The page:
Dublin Docklands – Blood Stoney Road ( What A Wonderful Name)
Image by infomatique
Dublin Docklands is the area of the city of Dublin, Ireland, on both sides of the River Liffey, roughly from Talbot Memorial Bridge eastwards to the Point Depot.
During the so called Celtic Tiger years (1997–2007) as a result of low corporate tax rates, low ECB interest rates, Ireland joining the Eurozone and other factors the Irish economy expanded rapidly and there was a really massive property boom.
Here is an extract from an article published in 1997:
"The transformation of Dublin’s largely dormant docklands into a hi-tech living and working community is envisaged in a plan aiming to create up to 40,000 jobs and 10,000 homes in Dublin Bay.
The project is the largest single urban development project in Ireland since the country’s independence. The draft master plan, which goes on public display today, amounts to a blueprint for a technology-driven new town on 1,300 acres along the north and south waterfronts and their hinterlands, until recently a wasteland.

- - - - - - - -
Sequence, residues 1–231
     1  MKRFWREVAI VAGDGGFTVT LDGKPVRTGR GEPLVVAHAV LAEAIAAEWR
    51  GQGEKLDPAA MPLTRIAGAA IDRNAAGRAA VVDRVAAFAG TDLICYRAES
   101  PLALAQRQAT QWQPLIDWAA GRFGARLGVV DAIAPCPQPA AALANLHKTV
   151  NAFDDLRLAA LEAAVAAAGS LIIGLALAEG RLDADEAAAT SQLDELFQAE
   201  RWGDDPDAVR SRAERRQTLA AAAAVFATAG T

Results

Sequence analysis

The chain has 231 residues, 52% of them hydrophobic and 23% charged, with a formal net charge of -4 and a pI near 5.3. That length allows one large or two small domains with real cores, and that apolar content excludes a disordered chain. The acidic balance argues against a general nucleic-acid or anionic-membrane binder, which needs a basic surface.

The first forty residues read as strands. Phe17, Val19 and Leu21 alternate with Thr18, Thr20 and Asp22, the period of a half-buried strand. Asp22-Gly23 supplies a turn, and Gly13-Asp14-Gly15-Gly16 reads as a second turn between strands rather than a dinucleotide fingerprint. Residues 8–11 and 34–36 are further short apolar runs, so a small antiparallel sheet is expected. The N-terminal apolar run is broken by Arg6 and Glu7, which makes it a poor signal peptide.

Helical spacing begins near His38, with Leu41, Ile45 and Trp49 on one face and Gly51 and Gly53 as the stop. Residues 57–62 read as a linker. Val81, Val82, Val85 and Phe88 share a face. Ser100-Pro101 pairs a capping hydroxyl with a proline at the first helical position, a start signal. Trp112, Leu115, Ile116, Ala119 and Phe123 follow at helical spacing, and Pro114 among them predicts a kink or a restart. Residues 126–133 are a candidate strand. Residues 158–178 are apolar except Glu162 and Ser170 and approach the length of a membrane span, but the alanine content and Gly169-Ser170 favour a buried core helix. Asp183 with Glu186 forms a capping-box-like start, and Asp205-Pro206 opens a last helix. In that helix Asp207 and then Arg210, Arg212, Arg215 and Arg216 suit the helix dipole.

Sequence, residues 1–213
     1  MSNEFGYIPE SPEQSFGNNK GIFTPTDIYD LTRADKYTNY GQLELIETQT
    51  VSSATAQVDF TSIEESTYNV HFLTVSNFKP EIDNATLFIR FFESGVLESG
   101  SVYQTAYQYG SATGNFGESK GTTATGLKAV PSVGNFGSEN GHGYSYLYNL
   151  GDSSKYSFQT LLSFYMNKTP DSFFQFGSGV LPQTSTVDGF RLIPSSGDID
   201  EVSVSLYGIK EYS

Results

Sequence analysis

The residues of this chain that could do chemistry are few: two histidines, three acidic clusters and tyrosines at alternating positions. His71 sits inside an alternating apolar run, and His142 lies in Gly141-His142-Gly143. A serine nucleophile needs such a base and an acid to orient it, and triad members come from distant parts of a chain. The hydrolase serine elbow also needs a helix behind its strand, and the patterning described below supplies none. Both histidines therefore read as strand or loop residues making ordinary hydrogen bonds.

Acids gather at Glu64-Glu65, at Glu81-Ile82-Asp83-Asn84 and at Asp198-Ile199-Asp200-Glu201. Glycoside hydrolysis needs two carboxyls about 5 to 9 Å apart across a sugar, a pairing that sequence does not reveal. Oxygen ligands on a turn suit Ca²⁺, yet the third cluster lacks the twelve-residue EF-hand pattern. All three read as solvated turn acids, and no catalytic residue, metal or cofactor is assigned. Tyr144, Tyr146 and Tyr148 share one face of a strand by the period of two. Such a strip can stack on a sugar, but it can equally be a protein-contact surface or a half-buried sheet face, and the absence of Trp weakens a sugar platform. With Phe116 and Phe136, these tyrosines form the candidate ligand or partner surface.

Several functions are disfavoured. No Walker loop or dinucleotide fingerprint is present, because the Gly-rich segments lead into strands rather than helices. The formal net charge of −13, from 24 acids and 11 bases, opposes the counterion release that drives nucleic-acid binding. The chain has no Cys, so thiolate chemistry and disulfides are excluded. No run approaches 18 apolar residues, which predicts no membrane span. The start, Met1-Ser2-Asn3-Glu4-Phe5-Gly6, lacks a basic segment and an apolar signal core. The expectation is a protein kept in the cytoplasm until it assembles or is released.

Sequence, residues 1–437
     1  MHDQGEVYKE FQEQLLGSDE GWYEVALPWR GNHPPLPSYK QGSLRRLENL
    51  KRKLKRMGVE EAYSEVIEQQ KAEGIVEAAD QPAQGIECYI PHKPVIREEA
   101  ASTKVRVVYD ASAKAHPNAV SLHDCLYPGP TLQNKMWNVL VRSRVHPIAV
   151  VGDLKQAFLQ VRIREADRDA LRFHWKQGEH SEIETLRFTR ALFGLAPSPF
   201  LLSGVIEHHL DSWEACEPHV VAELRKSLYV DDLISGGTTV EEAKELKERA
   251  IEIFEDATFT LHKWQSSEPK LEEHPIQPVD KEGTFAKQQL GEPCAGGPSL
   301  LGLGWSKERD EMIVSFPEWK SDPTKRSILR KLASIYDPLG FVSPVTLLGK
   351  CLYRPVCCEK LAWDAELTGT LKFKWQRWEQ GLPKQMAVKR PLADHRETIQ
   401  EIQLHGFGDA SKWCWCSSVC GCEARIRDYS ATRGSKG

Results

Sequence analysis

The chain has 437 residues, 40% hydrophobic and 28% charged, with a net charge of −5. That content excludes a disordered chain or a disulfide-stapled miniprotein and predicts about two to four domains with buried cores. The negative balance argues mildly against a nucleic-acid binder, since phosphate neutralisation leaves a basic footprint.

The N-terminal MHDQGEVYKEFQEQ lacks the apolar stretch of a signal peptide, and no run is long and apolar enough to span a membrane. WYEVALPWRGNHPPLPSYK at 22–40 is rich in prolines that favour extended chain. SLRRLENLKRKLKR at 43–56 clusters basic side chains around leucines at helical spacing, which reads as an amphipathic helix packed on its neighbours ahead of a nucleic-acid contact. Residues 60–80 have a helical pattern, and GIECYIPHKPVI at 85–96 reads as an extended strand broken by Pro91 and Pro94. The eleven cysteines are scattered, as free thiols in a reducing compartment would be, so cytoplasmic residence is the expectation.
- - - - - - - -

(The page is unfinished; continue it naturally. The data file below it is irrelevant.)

The regeneration marks a turnaround for an area, which, like the London Docklands two decades ago, had long been in decline. Schools, adult-learning facilities and job-training programmes are planned; other elements include tax incentives, new transport links, hotels and a shopping centre. The draft plan can be viewed on the Internet: www.dda.ie from 11 September."
Because development was taking place at a very rapid pace many old buildings were disappearing and I felt that it would be good idea to document the changes using digital photography and so the "Streets Of Dublin" project was born. It was my intention to document the changes in the built environment and I had assumed that the many improvements in infrastructure would continue well into the future. Almost every day a new exciting project was announced so I visited the area at least once per week in case I missed anything.
Suddenly, almost over-night, things began to go wrong. The tower cranes were stationary, building work slowed and then ceased, cafes closed and broken windows were not being replaced.
The decline is now becoming all too obvious.
I must admit that I did not expect to be documenting the 21st. Century decline of Dublin Docklands.